Out of my Mind…
Exploring the Kingdom
II Corinthians 5:17: Therefore, if anyone is in Christ, he is a new creation; the old has gone, the new has come!
In case you haven’t noticed, I am not perfect. If this at all seems a surprising revelation to any of you, simply ask my children, wife and/or co-workers. They will confirm my report.
Most days, I find myself liberated rather than defeated by this reality. No longer am I crushed and dispirited by my own imperfection. Instead, I think I have truly come to treasure and rely on the grace that both saves us and, in the end, transforms us when we can do neither on our own power or merit.
I’m also revived and challenged by the truth that I am not yet perfect. You see, I also really believe the truth of this text, that in Christ, you and I can become people and a community that is being radically and divinely recreated. I believe that—with my whole heart—and see it as a central truth within the whole gospel message. To me it is an inspiring reality!
Being “in Christ,” of course, was one of the most dominant themes in Pauline theology. Much more than a one-time conversion event, Paul truly believed that being “in Christ” enabled Jesus’ people to live moment-by-moment in his life and power. “In Christ,” Jesus people were branded and banded together by the Holy Spirit and initiated into a life-transforming experience of personal and communal renewal. Finally, a people “in Christ” were sent out into the world to proclaim and demonstrate the good news that Christ is Lord and that his Kingdom is present on earth. Paul really believed it was possible—and he continued to call people to this world-changing vision—despite the fact it was not yet so.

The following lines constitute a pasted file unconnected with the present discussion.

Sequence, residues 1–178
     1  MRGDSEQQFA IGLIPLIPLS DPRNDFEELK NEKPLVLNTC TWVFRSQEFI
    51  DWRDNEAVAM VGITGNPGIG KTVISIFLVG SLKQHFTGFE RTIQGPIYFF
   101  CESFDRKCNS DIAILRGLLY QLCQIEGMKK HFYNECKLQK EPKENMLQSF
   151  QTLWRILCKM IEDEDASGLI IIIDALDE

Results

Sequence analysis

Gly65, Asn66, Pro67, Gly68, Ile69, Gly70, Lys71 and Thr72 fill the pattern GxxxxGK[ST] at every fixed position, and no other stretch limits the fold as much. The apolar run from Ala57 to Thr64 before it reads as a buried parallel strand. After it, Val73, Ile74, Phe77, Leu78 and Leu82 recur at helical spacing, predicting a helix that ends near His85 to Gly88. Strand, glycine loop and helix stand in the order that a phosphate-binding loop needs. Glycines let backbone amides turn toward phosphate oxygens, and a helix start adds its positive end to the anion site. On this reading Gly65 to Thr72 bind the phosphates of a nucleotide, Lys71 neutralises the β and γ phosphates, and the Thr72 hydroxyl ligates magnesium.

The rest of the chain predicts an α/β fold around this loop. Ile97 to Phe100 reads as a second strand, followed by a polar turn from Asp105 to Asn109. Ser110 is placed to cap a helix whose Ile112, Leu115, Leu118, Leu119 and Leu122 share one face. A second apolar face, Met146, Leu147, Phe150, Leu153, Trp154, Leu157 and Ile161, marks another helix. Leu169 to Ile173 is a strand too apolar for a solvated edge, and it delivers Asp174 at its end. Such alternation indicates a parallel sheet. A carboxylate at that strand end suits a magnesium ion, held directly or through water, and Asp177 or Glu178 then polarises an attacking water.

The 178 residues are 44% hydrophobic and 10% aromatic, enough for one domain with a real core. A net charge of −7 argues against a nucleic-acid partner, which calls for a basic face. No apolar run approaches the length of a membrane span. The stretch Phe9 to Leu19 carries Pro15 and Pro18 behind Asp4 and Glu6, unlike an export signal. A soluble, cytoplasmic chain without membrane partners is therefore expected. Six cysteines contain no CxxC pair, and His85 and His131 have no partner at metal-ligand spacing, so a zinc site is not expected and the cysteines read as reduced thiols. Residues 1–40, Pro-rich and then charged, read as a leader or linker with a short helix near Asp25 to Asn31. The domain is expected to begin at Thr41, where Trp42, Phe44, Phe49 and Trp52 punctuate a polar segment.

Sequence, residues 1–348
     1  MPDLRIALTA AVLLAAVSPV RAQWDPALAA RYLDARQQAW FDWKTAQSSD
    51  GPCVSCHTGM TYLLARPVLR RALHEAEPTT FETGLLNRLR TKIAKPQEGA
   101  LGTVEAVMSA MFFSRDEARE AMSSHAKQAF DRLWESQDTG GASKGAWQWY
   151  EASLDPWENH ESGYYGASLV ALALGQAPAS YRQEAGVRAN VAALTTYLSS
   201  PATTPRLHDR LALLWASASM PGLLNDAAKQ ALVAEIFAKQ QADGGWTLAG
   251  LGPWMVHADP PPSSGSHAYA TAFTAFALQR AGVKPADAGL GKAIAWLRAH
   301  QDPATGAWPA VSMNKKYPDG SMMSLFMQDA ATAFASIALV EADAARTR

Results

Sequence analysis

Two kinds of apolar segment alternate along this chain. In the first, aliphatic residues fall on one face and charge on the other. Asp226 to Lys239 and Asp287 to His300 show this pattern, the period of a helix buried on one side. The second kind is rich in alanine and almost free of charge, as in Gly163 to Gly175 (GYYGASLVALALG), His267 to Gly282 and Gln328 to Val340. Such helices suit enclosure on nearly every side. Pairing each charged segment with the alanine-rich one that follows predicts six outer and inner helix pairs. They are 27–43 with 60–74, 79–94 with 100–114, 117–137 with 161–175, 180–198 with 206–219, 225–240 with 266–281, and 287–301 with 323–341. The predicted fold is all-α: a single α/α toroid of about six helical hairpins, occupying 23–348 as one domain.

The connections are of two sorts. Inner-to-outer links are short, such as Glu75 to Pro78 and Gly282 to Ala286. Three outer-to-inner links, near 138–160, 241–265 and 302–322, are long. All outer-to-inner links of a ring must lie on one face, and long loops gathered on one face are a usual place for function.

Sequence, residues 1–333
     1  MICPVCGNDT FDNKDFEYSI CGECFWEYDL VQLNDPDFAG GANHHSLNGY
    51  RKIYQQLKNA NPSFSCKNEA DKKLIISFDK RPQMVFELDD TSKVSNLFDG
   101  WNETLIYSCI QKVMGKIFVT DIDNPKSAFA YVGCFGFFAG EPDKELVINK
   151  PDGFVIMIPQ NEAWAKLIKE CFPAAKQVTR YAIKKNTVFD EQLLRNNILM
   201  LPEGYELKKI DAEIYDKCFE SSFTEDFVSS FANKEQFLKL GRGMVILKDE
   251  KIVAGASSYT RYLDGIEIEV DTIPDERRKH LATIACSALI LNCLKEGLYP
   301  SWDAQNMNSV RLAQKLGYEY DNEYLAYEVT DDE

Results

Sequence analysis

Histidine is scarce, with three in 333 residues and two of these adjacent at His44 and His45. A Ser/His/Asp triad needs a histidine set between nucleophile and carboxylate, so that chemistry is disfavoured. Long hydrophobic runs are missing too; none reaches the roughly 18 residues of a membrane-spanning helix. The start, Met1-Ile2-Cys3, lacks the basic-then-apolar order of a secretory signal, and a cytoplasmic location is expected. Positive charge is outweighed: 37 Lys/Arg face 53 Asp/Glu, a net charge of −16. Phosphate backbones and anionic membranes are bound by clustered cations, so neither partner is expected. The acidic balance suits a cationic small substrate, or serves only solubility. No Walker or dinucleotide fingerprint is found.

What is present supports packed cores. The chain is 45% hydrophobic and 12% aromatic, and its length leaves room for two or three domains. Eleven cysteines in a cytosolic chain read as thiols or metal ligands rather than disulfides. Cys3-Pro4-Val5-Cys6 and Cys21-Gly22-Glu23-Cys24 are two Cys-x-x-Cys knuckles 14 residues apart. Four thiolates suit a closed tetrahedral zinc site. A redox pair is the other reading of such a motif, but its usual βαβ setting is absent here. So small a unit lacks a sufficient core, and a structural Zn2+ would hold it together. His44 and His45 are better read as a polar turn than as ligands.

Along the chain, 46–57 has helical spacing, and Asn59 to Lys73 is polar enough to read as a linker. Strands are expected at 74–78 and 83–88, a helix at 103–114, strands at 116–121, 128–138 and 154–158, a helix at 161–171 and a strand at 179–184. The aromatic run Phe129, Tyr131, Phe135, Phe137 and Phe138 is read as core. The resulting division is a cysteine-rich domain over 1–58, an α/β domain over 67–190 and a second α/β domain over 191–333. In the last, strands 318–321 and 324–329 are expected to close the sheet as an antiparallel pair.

I live in that hope, too. It is a hope that has been at the heart of the Friends movement since our inception. You see, our call has been to learn to know and obey Christ in all things. And as a people, we have been called to embody the life and power of Christ in the world. We do this, not on our own strength and wisdom, but through our reliance on the Life and Power that is at work in us. Such a vision has not only shaped our view of personal spirituality, evangelism and discipleship but also driven our compassion, peace andjustice ministries.
The problem, however, is that a lot of the time we get ourselves turned around and focused, not on Christ and his Kingdom, but on our selves and other interests.
I want to continue to explore the theme of being a Kingdom people over the next few months with you but for now, I wonder if we might all consider our need to turn, once again, toward Christ and away from self and sin.
At the outset of his earthly ministry, this was Jesus’ admonition to us: “Repent (turn to God and away from self/sin)! For the Kingdom is among you!” And while that commitment to repent and believe often begins in a clear moment in time, at least in my experience, it remains a continual act of turning, turning, turning toward Jesus.
In this season of life, I feel a hopeful, challenging and urgent call to turn. I’m turning to Christ—to receive mercy, to find acceptance, to pledge my allegiance, to find my identity, to see my example, to hear my call, to know that real Life and Power of God.
As I turn to Christ, I am mindful that I am also turning to his people—to learn the way of love, to find support and accountability, to share my gifts, to serve and lead as appropriate, to lay down my life for their sake and the sake of the world Christ loves.
And I also clearly see the need to turn from my self and sin—away from arrogance, away from pride, away from cynicism, away materialism, away from greed, away from violence, away from fear, away from bitterness, away from complaint, away from manipulation, away from all of the ‘isms” that presume I am better than others, away from all of those secret and not-so-secret sins that harm others and dishonor my God.Though some of you may wish I was turning faster, I’m turning nonetheless. Pray for me, will you?